If you’re looking for marketing work experience, we’re always looking for talented individuals to join our ever-growing team so get in contact with us today!


Product design graduates return to share their experiences


Product Design Workshop

Post written by Caroline Hanson, Employability Adviser, Art and Design

Last month saw the first ever “Employability Week” aimed at Product and Furniture Design students, organised by senior lecturer Dean, in collaboration with industry experts and the Careers and Employability Service. The first day included three graduates from product and furniture design courses at Sheffield Hallam sharing about their current roles and career path since completing the course. Tom was using his creative skills to work as a marketing manager for Harris Brushes. He shared from his own experience about the negativity that can be faced after graduation which he called the hope/doom seesaw, to him, listening to the hopeful and aspirational voice was important to persevere through initial rejections. He encouraged students to go the extra mile at interviewing order to be memorable, for instance he designed and showed different elements of his design and marketing skills in his portfolio. Since beginning the role, it has developed greatly into a hybrid of marketing and design, he emphasised “Don’t be confined but the boundaries that are given when you secure a role.” Approaching people directly had paid off for him in the past and he even used LinkedIn to contact staff members within an organisation before the interview.

Abby had worked in a number of product design positions before her current role at W’innovate, which is a company based locally in Worksop and designs products for Wilkinsons. She has worked for in house design teams, in consultancy roles and also on a freelance basis, even having the opportunity to visit the production factories in China and gain an understanding of how her designs are manufactured. She emphasised the importance of commercial awareness, especially in consultancy roles, including being aware of the cost of the materials, the target market of your product and the selling price. Her advice for students was “Know yourself and the things you are good at and like working on, then you can sell yourself more effectively.” Her organisation is a graduate centre of excellence, offers short placements and is currently recruiting for a graduate positions of Assistant Product designer, so do take a look if you think this could be the role for you.

The afternoon session focused on portfolio development and every student had the unique opportunity to receive portfolio feedback from a professional in industry. Speaker Nick, reminded listeners that a portfolio should “Sell you, not just your products” and include broad a range of skills. As a recruiter he wanted to see your best work in your portfolio, not everything you’ve ever done, include rough sketches to show development of ideas and ensure a visual impact, by getting rid of any large blocks of text. Key advice was to “Build your personal brand and be thick skinned,” he also recommended entering design competitions open to recent graduates.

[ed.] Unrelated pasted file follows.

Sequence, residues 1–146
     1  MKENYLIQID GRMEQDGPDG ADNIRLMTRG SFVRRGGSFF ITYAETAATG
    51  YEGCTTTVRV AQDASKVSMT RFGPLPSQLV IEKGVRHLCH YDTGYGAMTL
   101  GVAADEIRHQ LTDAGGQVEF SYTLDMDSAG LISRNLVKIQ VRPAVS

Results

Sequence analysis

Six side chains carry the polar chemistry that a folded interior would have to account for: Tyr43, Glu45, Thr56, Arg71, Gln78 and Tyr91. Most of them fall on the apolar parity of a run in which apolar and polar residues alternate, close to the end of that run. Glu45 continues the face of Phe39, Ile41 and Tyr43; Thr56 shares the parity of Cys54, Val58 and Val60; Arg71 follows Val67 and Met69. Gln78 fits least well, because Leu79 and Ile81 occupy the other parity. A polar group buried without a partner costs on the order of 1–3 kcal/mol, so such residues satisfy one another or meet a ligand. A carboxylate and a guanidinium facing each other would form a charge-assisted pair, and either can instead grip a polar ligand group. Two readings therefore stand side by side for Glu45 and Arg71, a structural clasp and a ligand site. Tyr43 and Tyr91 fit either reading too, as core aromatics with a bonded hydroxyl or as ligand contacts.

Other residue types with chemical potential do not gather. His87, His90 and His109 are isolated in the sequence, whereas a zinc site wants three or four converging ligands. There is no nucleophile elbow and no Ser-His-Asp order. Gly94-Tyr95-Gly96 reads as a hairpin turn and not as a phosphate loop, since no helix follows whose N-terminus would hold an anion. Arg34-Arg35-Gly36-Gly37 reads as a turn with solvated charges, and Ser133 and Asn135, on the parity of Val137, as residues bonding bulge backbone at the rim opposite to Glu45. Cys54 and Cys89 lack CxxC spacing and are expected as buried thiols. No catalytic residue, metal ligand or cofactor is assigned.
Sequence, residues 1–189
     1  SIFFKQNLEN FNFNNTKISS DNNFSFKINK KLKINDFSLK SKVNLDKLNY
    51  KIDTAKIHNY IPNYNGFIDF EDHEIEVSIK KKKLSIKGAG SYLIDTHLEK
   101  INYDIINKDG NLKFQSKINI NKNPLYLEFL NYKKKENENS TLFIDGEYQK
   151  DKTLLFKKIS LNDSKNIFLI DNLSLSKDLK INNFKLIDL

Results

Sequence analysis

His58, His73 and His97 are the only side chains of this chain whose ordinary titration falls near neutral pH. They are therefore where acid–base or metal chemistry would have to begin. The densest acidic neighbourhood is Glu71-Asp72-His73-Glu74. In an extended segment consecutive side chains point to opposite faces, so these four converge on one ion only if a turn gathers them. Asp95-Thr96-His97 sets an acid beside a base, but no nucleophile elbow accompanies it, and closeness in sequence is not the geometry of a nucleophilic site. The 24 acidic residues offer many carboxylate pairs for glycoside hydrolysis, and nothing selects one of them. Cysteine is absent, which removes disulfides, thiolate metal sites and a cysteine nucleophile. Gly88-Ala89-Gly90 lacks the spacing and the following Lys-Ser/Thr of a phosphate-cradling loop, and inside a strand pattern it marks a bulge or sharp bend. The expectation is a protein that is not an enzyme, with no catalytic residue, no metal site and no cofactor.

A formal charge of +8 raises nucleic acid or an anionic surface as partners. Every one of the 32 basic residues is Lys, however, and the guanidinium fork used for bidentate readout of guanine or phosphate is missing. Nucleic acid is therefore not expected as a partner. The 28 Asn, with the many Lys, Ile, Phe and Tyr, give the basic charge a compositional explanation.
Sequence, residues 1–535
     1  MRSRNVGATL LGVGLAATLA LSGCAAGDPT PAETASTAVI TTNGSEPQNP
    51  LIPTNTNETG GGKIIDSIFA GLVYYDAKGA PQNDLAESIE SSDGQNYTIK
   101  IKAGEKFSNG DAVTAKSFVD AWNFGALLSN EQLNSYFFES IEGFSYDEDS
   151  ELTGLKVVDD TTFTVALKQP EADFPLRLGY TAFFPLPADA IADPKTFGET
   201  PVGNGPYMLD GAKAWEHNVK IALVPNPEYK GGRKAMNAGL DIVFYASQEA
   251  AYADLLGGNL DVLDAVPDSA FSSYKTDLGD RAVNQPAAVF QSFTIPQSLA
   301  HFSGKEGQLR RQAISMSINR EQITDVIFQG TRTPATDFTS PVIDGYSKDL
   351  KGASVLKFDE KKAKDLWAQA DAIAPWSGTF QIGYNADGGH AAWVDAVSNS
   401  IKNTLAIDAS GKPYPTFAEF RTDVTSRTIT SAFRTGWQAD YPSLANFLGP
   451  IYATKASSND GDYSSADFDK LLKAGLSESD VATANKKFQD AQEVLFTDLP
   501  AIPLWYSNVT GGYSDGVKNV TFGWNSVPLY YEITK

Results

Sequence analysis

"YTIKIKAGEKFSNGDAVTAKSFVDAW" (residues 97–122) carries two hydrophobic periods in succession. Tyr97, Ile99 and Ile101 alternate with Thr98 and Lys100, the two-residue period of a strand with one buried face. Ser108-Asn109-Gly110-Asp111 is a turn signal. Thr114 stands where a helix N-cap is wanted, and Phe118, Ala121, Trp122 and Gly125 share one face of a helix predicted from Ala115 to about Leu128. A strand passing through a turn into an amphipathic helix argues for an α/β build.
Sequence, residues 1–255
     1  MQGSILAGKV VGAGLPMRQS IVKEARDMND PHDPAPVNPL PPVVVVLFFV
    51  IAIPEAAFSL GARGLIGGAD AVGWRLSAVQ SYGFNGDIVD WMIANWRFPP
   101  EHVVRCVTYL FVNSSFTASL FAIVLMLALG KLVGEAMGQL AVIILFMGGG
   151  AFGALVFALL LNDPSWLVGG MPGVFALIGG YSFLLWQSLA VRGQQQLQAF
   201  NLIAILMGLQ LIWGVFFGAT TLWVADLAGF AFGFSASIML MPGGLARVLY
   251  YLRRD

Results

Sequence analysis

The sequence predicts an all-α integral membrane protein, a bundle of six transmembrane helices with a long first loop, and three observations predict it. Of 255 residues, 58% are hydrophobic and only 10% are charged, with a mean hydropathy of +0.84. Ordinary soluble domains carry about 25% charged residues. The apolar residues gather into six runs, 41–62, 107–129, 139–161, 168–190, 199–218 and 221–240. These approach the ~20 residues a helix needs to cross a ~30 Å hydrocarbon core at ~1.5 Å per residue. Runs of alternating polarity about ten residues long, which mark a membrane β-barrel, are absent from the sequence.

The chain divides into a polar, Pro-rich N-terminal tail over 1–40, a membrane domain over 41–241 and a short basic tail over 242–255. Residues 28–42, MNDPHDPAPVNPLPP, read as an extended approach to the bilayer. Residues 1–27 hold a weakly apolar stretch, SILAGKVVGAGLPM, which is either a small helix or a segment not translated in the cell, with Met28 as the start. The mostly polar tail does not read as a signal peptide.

Students spoke positively about the day and went away with practical feedback on how to improve their portfolio and CVs. The remainder of the week included input from a top branding agency, practical workshops from the careers team and a boot camp for students to develop their enterprising skills, a number of students took up the offer of one to one appointments or enterprise advice to develop their plans further. Keep an eye on https://careerservice.shu.ac.uk/ to find out about other events coming up!


Choosing the right digital marketing role for you



SEO Digital Marketing to improve website views

Using SEO Digital Marketing to increase website traffic

This post was written by Samantha Cooper – Director of Little Acorn Digital Marketing

Graduates with marketing degrees often don’t realise just how many different roles are available to them, especially down the digital route. This is because huge developments in technology and culture have completely changed the landscape of marketing over the past ten years, creating a demand for a whole host of new roles which are not yet being taught in our education system.

Each role within digital marketing is vastly different, requiring a different set of skills and a different type of individual.

In this post I will run through the main digital marketing roles in order to help you determine which is most suitable for you.


PPC is short for ‘pay per click’. PPC adverts are placed on the results page of search engines such as Google or Bing with the aim of driving traffic to your website which will then convert into a sale or another form of conversion for non-e-commerce sites. A PPC exec will carefully chose the search terms which ads are visible for and bid on those terms. This role requires somebody with a mathematical and analytical mind to ensure that the company achieves the highest possible return on investment.